The difference between the shapes is due to a mixture between three main sources:

  1. Variant Chinese characters;
  2. Different handwriting habits between the different regions;
  3. Different choices and considerations when standardising the print shapes.

Pending on the specific character that looks different, it could be due to one region not using the character at all, one region having different print vs. handwriting shapes, or one region totally merging the print and handwriting shape.

What other common characters are there which may look significantly different in different-language fonts?

Many, and the shape differences are of varying severity. Two very common character components that trips people up is (1)「⺼・肉」which sometimes looks identical to「月」, and (2)「辶・⻍・⻌・辵」which is a complete mess in the Japanese standard.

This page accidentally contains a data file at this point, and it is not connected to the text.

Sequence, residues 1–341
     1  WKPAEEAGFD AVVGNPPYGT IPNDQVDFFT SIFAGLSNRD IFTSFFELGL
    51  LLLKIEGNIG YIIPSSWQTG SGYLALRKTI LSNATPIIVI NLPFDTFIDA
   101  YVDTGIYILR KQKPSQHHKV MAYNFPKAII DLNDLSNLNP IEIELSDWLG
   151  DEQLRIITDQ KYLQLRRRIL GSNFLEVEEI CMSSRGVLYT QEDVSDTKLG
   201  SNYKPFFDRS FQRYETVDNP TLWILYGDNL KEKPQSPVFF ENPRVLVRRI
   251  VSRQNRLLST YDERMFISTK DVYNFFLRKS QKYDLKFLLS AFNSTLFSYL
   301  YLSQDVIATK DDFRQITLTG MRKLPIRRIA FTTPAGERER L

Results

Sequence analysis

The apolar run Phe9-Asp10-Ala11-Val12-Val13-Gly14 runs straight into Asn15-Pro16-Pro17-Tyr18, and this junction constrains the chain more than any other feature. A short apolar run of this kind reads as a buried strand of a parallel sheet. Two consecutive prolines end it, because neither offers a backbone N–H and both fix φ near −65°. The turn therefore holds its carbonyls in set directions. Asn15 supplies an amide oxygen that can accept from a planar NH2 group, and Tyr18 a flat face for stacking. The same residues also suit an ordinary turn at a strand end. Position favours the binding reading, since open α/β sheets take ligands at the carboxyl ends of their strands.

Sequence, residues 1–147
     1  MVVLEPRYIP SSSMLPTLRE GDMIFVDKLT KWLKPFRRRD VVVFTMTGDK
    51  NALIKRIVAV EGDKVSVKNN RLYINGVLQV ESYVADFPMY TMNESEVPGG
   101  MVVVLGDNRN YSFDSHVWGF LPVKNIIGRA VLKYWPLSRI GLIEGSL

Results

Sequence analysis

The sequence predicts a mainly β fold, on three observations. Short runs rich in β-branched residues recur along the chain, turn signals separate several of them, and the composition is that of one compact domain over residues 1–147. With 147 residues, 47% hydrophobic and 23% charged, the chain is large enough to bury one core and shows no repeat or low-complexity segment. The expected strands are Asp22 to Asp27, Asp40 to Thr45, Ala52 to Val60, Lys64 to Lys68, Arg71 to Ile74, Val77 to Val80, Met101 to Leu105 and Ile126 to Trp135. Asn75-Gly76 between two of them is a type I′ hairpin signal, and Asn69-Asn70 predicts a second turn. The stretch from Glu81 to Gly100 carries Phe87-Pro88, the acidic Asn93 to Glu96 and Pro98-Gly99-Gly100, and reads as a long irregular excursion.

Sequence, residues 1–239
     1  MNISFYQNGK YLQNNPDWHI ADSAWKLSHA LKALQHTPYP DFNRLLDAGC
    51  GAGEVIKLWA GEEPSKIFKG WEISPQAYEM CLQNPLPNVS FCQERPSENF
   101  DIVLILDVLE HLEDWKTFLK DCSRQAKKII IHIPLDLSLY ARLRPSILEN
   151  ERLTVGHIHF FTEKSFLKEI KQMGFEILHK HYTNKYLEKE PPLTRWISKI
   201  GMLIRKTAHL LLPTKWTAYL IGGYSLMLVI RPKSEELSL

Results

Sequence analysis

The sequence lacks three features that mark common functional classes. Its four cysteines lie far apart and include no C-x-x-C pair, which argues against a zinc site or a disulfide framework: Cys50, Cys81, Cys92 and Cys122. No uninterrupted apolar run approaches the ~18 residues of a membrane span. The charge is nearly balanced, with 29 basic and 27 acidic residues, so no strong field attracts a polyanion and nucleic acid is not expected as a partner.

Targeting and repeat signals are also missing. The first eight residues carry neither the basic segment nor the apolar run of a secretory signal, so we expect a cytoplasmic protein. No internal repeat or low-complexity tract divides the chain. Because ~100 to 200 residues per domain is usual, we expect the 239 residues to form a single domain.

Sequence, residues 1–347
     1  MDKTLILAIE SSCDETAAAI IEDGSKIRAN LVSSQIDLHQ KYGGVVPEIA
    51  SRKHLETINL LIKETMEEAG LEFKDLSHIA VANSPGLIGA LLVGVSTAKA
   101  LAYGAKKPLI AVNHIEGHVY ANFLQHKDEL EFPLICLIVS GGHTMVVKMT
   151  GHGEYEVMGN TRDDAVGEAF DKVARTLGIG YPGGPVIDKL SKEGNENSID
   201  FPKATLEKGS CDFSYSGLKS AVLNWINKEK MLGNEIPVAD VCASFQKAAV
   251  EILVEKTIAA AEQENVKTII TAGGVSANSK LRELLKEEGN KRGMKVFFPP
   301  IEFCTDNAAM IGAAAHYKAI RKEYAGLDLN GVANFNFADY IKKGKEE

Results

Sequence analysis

Should I just think of these differences as similar to the common stylistic differences in the small Roman letter 'a' and 'g', like in the image below?

Yes and no. Some of the shape differences are indeed stylistic differences, such as「令」. Indeed, the left hand "g" and the right hand "g" are exactly analogous to the Chinese vs. Japanese printed form of「令」. The "g" on the left hand side is the shape always seen in handwriting, similar to the Chinese shape of「令」always seen in the handwritten form in both China and Japan. The Japanese printed form of「令」is traditionally the shape always seen in print form, in both China and Japan. China decided to change the print form to the handwritten form later.

However, not all the shape differences are stylistic.

The shape discrepancies are a bit different from the Western typographic tradition. In particular, there is nothing similar in scale as the Han unification effect in western typography, which is already mentioned as the overall effect on the glyph shape when choosing fonts from a different region.